How did you become involved with Art for Kunst?
I met Jim through, some friends and last year we talked and he seemed interested in my work, he decided to produce some T-shirts and i was asked to contribute which is cool as i get a chance to show the other side of my work
Like most graffiti artists, you've decided to work under an alias. How did you get the nickname Juice126? What are the proâs and conâs of attaching your real name to your art work in a scene where artists are highly secretive about their identities? Why did you choose not to do this?
I've had my name for a long time it was created in the feudal times, Juice means "power" in various slang ways so it fit for me, as i wanted to be the power i'm only secretive about my real name as it keeps me safe in this "i want to know" world, those who know me, know my name, i don't really want fame and my name in lights, been there i hated it, like any sane person i want my privacy. And as i've used my alias for so long it would be stupid to change it, its part of who i am.
Now that youâve started taking on a lot of commissioned work for exhibitions etc, do you ever get time to hit up any legal or illegal spots during your days off?
No i don't i'm still an outsider, i hate that the art has never escaped its history, also good walls are few and far, as i like to paint big. Also the "street art" years have corrupted the art, everyones wants to be the street/stencil art king, the mythology of what the art is, is killing it, and i won't join in. We have never liked the artistic process in this country any artist in any genre has to fight to get their art in the public domain, i like painting walls, but as my work is only understood by a few, its normally destroyed before it can breathe in this world, and i'm 43 yrs old and running around like a teenager doesn't appeal to me. And fighting for wall space with all those in the scene, isn't good.
From whom or from where do you draw you inspirations?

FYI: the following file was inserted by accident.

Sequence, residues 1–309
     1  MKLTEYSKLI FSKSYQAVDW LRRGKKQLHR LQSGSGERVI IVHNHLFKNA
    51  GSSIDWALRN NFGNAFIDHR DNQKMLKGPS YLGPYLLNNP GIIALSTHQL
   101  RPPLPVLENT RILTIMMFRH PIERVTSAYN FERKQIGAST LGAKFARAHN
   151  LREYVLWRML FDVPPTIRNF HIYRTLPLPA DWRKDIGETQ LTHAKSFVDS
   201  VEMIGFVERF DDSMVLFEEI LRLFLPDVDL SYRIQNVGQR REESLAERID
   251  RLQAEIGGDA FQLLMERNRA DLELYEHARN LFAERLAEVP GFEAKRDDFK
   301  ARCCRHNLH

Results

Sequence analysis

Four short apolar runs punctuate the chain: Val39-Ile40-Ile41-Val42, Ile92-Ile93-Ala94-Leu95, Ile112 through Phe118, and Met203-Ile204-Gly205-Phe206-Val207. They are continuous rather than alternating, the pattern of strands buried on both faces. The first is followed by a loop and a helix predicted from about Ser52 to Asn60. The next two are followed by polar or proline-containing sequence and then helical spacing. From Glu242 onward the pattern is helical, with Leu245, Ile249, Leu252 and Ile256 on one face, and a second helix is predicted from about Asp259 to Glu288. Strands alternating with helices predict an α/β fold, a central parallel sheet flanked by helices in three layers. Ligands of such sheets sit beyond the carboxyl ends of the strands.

Where do i start, Futura he gave me my first visual break, Gustav Klimt i love his work and he influenced me to form the Ikonoklast Movement, Claude Monet the king of colour and texture, Neville Brody king of graphics and the designer of the Face magazine which influenced me to break out for the 2nd time, Zaha Hadid seeing her work in Vogue in the late 80's blew my mind and showed me that Graffiti is not too far removed from any other form of art. Charles Beaudillaire French Symbolist poet beauty in words, Kent Williams, Jon J Muth, Bill Sienkewicz comic artists who care about art
Sorry to digress inspiration for me comes from paint and life, as my work is about colour and texture anything can influence me, i love words and their descriptive quality we take words for granted and i live to put my visions down on paper, canvas, glass, when i'm interpreting a title or phrase, giving colour to emotion. and as i say on my Social networking pages anything that tingles my 5 senses.
Your sculpture pieces seem to be a welcome change of pace in your work. How did you get into creating these?
A logical progression i wanted to explore, sculpture, i love Rodin and Alberto Giacometti, Frank Auerbach, the first 2 are sculptors in the traditional sense of the work Frank Auerbach is a painter who's work is sculpture, as i love texture and depth its logical that i was going to explore this, my first works were self portraits done back in early 90's, i had a show my first solo show in Birmingham last year and i extended my interest in that show, I' ve just completed a sculptural work for the Forward exhibition in Birmingham a few weeks ago this was about me metamorphosing metal mudguards into a flower, a challenge, i love a challenge.
What is the key to keeping your work and ideas fresh and not getting mentally or physically burnt out by what you do?
I'm always getting burn out but not through lack of ideas, but usually due to lack of opportunity to express myself, i'm always seen as the weird one who's work is not easily defined as graffiti, so i don't fit into the Graffiti/Street art world, i keep my work fresh by challenging the preconceived idea of the art, i do like to shock people with my work.
I keep exploring 43 yrs. has given me a lot of ideas, mental rambling, to try to turn into work, i'm lazy and will go long periods without producing work, but you can only produce so much work without getting a chance to exhibit, and i don't like destroying work, so i limit myself to doing work only that i can store.
Finally, whats next for you? In terms of any new projects you have or any aspirations you have in life that you would still like to work toward and achieve. Is there anyone you'd like to give a shout out to?
As part of the Agents of Change we've just completed the Ghost village project, and are looking for our next project location.
on a solo tip i'm preparing to complete 2 new collections of Glass work then its the slog to find somewhere to exhibit. Aspirations only 1 that humans realize that the world does not belong to us, and were far from even being the caretaker of the world and that the human race grows up. Ps Cars are evil.
For more information on the products, artists, opening times, dates or directions please visit the web site - www.artforkunst.com